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Category Archives: Gender Caste
You know what’s sexist? White guys who see Asian women as exotic sex objects, something they can use in their porn-based fantasies about “sideways” vaginas. Why? Because everything about me is obscured by my sexual utility for them – they are attempting to define my identity through their penis.
You know what’s also sexist? Asian guys who think that Asian women aren’t “Asian” enough if they don’t exclusively date Asian men. Why? Because once again my identity is being defined by a man’s penis.
Take a look at this post by Jenn at Reappropriate, where she criticizes a new webcomic called Single Asian Female. While she mentions the good points about the comic (mostly its good art style), she worries that it attempts to portray the Asian-American women (AAW) experience as centering primarily on sexuality: white guys who try to date them, and the Asian-American men whom they should be dating.
Sometimes I wish I had a male body. I wish I didn’t have to work twice as hard to be half as good at the sports I enjoy. I wish I could eat three bowls of cereal before I go … Continue reading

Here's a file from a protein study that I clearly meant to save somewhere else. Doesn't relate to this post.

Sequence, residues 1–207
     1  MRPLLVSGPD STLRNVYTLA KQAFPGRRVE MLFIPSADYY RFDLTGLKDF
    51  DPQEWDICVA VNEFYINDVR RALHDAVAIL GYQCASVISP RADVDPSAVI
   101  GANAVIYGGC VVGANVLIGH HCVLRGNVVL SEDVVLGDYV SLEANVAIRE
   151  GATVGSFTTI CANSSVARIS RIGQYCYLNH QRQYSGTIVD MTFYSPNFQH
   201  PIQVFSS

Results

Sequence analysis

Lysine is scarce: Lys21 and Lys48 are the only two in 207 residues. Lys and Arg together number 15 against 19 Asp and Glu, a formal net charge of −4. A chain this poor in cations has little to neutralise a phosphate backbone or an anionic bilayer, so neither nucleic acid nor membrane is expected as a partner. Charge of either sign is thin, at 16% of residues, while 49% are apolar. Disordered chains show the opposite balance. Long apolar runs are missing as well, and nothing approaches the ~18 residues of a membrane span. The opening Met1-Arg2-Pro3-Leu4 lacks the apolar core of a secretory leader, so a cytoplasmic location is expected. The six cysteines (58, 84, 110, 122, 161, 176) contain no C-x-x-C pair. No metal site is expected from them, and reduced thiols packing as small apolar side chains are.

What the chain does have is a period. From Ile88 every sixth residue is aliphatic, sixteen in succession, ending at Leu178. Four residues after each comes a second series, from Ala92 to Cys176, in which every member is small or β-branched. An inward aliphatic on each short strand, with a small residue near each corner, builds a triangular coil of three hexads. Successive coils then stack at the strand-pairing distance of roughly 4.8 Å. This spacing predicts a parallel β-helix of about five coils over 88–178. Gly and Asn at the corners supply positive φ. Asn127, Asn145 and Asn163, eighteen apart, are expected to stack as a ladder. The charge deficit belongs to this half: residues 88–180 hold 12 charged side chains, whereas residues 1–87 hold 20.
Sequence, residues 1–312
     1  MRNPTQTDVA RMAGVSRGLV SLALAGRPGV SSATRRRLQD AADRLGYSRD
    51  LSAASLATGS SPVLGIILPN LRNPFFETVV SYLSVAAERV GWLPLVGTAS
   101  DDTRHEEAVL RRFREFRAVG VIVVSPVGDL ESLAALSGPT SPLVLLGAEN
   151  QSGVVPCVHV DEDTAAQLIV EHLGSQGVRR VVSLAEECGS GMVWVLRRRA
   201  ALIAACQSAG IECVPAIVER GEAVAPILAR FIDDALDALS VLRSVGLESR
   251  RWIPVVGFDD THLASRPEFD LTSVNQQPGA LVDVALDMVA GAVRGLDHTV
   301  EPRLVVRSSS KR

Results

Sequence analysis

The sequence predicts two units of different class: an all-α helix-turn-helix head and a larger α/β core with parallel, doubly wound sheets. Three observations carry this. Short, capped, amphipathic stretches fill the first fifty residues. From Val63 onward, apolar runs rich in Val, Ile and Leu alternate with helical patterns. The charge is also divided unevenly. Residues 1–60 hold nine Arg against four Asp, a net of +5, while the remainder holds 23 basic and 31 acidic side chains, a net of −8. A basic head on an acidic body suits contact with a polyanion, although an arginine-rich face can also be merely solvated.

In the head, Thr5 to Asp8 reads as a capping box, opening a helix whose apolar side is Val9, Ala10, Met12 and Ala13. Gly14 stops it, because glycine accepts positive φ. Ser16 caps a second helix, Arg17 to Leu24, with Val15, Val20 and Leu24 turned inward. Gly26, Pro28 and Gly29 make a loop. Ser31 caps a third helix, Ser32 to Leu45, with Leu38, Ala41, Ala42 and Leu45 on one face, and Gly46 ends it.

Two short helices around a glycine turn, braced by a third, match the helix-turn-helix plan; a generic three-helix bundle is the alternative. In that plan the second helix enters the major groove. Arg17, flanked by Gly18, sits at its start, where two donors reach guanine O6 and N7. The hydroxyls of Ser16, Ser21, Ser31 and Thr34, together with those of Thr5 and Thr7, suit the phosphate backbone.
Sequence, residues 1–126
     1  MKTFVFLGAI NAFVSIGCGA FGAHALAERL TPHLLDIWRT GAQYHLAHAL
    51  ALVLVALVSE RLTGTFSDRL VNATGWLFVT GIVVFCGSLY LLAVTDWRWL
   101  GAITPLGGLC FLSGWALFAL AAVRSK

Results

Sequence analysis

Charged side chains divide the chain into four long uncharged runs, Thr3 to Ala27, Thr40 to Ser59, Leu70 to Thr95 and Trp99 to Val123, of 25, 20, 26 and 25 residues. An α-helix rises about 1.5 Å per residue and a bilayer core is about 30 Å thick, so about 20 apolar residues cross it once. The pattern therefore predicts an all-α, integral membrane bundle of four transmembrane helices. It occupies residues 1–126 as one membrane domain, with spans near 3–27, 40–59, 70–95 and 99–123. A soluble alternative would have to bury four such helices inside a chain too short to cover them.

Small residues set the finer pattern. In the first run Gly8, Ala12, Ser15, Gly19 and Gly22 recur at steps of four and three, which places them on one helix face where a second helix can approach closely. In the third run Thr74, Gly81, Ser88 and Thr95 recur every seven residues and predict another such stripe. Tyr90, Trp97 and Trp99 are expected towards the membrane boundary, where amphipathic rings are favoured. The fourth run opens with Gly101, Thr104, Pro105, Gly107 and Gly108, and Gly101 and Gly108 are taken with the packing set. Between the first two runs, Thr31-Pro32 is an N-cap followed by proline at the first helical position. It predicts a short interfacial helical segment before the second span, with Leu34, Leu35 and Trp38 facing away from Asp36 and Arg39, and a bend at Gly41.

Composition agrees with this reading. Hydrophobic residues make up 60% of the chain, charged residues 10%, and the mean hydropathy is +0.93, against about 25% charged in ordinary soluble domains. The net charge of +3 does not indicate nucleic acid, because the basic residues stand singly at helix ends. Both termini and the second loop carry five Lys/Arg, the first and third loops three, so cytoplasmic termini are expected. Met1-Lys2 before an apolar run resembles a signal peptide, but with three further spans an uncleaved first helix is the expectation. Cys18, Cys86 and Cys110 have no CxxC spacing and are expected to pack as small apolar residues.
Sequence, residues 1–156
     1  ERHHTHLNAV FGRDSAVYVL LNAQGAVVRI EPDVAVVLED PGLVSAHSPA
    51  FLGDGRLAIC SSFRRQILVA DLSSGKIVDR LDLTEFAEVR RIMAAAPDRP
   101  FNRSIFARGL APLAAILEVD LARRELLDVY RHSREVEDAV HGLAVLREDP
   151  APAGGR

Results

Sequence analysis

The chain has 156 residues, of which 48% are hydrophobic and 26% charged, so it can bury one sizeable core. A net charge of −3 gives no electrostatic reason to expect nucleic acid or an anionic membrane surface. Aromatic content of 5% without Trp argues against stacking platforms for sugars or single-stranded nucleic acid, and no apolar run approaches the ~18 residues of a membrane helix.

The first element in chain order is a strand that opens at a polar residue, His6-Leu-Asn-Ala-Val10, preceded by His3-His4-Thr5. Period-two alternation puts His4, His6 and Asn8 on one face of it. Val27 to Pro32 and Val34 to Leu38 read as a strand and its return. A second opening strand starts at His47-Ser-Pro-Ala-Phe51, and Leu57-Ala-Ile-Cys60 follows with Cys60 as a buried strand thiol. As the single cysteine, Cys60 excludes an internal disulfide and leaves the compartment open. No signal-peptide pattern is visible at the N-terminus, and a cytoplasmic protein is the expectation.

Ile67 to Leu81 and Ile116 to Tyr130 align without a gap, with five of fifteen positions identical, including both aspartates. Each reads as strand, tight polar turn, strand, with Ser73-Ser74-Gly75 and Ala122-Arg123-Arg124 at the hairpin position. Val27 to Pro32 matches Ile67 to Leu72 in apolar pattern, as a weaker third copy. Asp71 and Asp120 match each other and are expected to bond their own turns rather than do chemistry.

Sorry for the slew of short posts, but I’m trying to juggle a thousand things at once. Even so, Ragnell has this amazing post looking at the gender differences between “fangirl” and “fanboy” called Fan-What? Given my recent post on … Continue reading
(I’ll be away for the next few days at Fan Expo Canada in Toronto. If anyone else will be there and wants to meet up, drop me a line. As far as I know, Harlan Ellison won’t be there.)
Dora has written a great post on the subject of Ellison’s behavior at the Hugo Awards. If you haven’t read it already, stop reading this and go read that one first.
A few days ago at the Hugo Awards ceremony at Worldcon, Harlan Ellison groped Connie Willis on stage. The primary source of the news is Patrick Nielsen Hayden’s report, though Ellison himself confirmed it in the (ostensible) apology on his message board. (Text provided here by Elizabeth Bear. Also see her post on the original incident.)
He wrote the “apology” yesterday, even though the event occurred a couple of days ago, because he had no idea that there was a problem until he saw the reaction online. In other words, he didn’t know it was wrong until someone else told him. This is the kind of behavior that you would expect out of children developing their sense of politeness and ethics, not a grown man (especially one with as inflated a sense of self as Ellison apparently has).
Connie Willis is one of the most respected science fiction authors writing today – certainly one of the most well-known women in the field. She did not invite the groping, nor did she give him permission. Ellison calls it “intendedly-childlike,” and supposedly it came as part of a comedic schtick. However, Willis was not previously informed about his intention, and since she immediately removed his hand and continued on without comment, it’s obvious that she didn’t feel inclined to join in on the “comedy.”